The Yukon River’s Chinook salmon fishery has been on the decline in recent years. In 2010, then Secretary of Commerce Gary Locke declared a “fishery failure” and a “disaster” in the Yukon for low fish returns.
On the heels of a 30-year-worst king salmon run in the Yukon, local fishermen pleaded to shut down the fishing with another dismal projection expected. From the Anchorage Daily News:
Last year’s Chinook run was the worst on record dating back to 1982. Biologists estimate that only 76,000 kings returned to the Yukon River, which is only one-quarter of what the chinook run averaged 15 or 20 years ago.
Subsistence fishing was drastically reduced as a result, much the way it has been for the last several years in what is the state’s largest king salmon subsistence fishery, which has prompted multiple disaster declarations by Gov. Sean Parnell.
Based on information laid out in Tuesday’s meeting, which was sponsored by the Yukon River Drainage Fisheries Association, the situation doesn’t look any more promising this year. In fact, subsistence fishing may be reduced even more this year to try and get more fish to spawning grounds in Canada.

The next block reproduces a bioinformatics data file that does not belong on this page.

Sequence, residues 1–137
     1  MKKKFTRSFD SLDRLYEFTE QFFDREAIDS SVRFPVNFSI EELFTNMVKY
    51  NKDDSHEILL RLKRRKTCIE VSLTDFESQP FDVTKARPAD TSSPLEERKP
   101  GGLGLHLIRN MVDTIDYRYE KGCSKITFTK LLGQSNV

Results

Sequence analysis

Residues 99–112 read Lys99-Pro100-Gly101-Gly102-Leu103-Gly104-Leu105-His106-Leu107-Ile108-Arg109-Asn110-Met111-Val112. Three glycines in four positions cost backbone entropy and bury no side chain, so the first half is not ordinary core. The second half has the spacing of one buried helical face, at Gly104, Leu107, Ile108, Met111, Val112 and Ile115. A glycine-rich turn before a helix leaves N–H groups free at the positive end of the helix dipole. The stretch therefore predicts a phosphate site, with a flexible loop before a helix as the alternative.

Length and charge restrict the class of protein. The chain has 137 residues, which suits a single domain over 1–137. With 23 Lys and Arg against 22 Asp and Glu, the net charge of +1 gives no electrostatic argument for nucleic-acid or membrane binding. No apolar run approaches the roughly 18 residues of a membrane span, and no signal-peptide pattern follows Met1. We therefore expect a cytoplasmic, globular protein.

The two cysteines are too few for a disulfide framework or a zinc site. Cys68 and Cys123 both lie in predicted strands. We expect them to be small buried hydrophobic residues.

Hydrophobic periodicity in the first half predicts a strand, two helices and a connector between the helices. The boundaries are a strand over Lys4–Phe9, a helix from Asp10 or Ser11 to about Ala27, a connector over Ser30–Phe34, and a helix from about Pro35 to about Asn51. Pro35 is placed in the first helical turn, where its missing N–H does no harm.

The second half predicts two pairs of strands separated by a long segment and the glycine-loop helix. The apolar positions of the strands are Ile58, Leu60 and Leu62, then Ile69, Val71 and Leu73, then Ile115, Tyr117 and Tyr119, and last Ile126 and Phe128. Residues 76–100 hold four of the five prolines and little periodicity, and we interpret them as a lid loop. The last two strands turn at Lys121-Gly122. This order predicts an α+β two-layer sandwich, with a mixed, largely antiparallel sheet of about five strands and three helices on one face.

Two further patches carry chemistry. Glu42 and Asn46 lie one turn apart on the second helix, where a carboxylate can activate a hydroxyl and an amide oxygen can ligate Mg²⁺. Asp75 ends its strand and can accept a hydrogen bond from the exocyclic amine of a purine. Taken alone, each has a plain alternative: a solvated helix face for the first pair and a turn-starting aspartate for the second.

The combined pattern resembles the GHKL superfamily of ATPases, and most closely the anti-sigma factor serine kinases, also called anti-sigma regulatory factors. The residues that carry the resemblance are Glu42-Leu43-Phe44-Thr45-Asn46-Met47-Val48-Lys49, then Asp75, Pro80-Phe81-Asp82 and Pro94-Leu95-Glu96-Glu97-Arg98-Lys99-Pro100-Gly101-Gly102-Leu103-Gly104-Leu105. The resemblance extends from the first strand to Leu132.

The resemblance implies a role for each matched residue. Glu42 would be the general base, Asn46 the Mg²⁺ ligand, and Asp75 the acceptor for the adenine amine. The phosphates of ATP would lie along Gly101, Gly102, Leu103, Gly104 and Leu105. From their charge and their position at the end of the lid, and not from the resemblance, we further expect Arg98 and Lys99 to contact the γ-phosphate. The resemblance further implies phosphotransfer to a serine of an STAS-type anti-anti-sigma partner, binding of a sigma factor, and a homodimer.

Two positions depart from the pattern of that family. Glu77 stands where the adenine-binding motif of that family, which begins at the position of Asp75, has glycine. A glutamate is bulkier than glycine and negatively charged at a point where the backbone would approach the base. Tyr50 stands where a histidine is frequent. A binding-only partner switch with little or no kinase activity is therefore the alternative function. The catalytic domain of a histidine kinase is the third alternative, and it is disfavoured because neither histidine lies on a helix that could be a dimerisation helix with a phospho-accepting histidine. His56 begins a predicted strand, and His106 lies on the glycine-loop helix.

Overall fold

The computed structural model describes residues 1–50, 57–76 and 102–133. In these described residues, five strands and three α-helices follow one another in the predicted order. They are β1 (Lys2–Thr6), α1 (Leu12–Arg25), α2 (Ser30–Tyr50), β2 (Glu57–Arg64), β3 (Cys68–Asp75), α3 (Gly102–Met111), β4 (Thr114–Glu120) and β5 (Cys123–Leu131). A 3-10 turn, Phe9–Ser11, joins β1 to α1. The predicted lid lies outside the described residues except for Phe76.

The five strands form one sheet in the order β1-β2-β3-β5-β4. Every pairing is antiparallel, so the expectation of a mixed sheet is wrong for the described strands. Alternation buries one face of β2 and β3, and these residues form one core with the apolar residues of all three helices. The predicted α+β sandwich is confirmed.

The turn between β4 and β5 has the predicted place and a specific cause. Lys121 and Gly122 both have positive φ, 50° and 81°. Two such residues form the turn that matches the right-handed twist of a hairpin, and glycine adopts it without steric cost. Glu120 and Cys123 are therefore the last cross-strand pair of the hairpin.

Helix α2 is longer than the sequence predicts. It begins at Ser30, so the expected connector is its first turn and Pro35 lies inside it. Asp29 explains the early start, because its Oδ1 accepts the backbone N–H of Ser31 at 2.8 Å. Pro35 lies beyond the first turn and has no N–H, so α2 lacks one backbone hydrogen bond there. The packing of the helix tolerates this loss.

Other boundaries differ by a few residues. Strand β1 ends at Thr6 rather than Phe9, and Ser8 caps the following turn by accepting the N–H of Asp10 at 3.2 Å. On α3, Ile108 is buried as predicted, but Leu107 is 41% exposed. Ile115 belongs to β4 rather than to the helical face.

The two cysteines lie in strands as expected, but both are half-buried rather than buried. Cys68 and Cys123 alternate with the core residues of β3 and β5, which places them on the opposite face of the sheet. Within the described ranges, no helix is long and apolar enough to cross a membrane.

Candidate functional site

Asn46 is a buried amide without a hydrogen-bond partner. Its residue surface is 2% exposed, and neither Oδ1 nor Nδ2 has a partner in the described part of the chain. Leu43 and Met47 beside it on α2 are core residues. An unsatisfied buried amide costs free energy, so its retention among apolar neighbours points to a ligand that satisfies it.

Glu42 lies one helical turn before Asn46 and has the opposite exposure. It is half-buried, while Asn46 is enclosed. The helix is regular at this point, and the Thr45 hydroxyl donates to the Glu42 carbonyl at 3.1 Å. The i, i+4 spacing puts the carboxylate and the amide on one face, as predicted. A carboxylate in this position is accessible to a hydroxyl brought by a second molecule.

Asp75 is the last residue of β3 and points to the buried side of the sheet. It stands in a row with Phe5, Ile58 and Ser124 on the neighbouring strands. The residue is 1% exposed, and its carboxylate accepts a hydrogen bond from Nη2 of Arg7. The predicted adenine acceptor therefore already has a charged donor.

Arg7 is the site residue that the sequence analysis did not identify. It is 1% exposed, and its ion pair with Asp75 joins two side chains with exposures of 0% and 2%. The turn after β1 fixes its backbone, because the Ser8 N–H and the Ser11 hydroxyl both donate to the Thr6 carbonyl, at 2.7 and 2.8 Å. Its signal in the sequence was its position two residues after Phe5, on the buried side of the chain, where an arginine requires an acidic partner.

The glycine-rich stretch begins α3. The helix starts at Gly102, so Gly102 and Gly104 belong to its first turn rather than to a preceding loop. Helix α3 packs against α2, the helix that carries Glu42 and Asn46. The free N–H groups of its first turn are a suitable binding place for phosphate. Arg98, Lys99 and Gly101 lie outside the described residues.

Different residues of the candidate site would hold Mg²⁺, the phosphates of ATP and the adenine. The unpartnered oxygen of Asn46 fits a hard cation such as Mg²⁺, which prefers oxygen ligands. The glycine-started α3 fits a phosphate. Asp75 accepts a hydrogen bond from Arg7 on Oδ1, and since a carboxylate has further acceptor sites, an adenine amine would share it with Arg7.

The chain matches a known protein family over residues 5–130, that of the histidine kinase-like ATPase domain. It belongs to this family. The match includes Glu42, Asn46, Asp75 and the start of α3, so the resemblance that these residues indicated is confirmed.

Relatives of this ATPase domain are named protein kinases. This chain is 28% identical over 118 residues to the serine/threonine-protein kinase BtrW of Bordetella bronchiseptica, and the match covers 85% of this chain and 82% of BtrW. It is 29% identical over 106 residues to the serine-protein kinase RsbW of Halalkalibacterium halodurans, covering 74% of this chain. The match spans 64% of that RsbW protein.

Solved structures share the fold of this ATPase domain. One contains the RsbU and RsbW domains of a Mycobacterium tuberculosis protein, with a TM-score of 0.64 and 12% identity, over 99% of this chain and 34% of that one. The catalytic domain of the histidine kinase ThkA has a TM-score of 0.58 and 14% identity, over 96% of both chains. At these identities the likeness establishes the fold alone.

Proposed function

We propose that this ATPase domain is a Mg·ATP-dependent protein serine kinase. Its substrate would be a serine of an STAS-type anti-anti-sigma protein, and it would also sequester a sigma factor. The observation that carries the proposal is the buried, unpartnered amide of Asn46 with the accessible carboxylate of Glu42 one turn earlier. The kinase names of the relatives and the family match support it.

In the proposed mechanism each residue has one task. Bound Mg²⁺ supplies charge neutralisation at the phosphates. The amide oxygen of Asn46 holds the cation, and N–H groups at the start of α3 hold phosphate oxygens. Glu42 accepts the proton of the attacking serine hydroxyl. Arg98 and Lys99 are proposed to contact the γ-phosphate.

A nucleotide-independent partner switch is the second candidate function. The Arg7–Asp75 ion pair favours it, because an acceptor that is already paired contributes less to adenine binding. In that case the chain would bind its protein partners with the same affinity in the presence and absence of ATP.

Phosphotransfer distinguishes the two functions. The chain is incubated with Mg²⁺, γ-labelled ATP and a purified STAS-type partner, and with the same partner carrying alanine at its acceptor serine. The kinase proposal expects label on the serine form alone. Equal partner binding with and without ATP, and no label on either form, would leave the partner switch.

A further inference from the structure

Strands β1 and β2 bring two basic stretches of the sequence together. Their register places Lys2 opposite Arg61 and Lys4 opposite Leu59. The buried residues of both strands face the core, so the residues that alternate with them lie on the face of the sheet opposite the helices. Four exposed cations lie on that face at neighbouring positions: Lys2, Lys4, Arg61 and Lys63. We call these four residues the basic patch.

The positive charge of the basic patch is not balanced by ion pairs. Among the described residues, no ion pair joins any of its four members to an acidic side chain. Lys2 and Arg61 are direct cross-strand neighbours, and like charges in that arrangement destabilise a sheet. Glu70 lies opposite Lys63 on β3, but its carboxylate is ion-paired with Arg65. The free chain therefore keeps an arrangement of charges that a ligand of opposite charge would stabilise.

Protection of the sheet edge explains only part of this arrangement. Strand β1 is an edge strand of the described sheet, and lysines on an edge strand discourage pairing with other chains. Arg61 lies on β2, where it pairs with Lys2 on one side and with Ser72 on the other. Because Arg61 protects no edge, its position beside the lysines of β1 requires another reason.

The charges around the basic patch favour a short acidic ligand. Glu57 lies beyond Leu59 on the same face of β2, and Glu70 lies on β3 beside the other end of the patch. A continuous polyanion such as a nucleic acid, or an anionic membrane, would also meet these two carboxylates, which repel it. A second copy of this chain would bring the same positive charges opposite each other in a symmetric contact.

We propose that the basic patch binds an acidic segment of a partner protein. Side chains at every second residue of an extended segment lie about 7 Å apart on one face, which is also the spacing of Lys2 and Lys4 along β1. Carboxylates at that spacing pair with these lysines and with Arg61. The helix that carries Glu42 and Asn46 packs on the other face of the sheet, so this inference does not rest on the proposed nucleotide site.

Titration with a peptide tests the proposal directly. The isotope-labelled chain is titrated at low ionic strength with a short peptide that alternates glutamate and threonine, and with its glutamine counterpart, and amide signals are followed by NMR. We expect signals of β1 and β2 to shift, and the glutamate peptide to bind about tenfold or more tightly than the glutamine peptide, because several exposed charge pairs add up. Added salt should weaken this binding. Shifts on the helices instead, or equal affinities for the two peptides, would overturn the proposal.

Biologists are projecting a king salmon run between 64,000 and 121,000 this summer. Given that runs the last several years have come in at the low end of the projection range, biologist Dr. Stephanie Schmidt said ADFG will manage for a run of only 64,000, which would mean a border passage of only about 32,000 kings. …
“These fish are not going to be here forever, not the way we’re catching them,” Huntington told dozens of fishermen sitting around tables in the Binkley Room at Pike’s Waterfront Lodge on Tuesday during a pre-season planning meeting with fisheries managers from the Alaska Department of Fish and Game. “It wouldn’t hurt to take a few years off and say, ‘Let them go.’ There are other fish out there.”
You know things are bleak when even those who depend on the fish in the river are urging those who make the tough decisions to make a very tough decision.
Here’s a portion of today’s report from CBC expected to shut down the river as the season approaches in the summer:
Fishery manager Jeff Estensen says that includes subsistence harvesters.
“The fishermen on the Alaska side of things can really expect to see no opportunity to fish for Chinook salmon at all in 2014,” Estensen says.
In the 1990s, the Chinook run averaged more than 300,000 fish.
Since 2008, fewer than half that number have returned to the Yukon River.